Many devices have been contrived in an attempt to extend the breathing time of a fully buried avalanche victim. Some of these devices employ carbon dioxide absorbers to absorb and, thereby, reduce the amount of carbon dioxide that is exhaled and rebreathed. Unfortunately, these devices do not address the problems resulting from the limited air that may diffuse through the snow pack. Other devices employ oxygen tanks in order to provide additional oxygen to the victim in addition to or in place of the diffused air. However, these devices are both bulky and heavy and, therefore, inhibit the movement of the user in many of the recreational activities that draw the users to the mountains in the first place. Additionally, many of these devices employ one or more tubes that connect the mouthpiece to the oxygen tank, typically worn on the users chest or back. These tubes may easily be ripped away from the victim's mouth or the oxygen tank due to the forceful movements of the avalanching snow.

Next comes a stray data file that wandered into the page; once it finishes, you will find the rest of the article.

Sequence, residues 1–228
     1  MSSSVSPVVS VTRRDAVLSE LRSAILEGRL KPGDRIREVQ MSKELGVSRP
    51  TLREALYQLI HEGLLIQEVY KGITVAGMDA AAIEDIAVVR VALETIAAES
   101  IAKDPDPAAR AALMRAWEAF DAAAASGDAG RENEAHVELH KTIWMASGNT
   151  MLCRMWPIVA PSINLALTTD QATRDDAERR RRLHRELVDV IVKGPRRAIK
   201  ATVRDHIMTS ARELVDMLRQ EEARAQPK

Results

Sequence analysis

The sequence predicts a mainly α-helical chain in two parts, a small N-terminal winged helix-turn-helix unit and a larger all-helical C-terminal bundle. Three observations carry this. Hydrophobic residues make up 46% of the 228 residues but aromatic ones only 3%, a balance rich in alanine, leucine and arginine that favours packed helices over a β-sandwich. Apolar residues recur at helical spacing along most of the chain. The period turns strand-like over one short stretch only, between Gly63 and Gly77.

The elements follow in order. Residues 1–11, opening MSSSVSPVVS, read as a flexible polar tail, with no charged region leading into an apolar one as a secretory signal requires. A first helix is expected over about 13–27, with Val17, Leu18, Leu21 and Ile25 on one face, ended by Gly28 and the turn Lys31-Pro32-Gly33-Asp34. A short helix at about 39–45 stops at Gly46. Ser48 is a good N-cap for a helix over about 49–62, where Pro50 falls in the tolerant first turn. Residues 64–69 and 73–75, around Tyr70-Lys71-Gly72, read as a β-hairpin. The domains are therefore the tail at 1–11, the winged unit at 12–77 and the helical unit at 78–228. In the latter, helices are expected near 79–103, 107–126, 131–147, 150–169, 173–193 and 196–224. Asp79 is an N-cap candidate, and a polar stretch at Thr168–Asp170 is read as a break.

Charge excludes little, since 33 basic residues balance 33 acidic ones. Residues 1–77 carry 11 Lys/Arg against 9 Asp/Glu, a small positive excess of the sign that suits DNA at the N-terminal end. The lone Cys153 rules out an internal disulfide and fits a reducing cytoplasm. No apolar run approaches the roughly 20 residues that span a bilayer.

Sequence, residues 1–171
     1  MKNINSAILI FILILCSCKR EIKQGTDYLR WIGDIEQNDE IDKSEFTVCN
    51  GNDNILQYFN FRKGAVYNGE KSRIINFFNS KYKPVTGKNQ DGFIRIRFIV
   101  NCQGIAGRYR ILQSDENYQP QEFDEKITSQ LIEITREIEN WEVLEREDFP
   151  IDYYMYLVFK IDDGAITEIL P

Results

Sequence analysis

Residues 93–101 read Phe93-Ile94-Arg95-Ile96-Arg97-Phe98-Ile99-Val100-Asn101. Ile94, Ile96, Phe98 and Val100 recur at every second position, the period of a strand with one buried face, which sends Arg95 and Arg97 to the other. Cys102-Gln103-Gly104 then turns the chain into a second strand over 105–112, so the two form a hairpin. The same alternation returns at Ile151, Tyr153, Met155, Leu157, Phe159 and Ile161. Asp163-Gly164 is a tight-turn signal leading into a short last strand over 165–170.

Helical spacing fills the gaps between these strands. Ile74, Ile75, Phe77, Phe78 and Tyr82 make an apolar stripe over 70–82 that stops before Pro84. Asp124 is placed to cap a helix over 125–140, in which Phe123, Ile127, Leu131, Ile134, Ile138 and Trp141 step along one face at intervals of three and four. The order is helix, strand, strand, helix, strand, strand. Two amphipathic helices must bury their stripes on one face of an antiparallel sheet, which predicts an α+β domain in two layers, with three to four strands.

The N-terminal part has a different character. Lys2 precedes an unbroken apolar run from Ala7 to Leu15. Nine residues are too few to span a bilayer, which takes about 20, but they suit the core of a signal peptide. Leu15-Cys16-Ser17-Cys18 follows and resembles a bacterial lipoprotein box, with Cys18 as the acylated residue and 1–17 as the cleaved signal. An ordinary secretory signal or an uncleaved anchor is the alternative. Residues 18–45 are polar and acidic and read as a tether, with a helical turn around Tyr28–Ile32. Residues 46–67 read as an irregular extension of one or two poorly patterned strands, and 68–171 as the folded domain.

Another device, the AVALUNG, which is currently marketed in the United States and elsewhere, also employs a tube to bring air to the victim's mouth. The tube is connected to a type of air pouch that allows air to be drawing in from the surrounding snow pack. Versions of this device are used in jackets or on straps that may be worn as the outermost layer of clothing. In other words, the air pouch may be worn in an exterior compartment of the jacket. Alternatively, the air pouch may be strapped onto the victim via a contraption having a waist strap and a shoulder strap.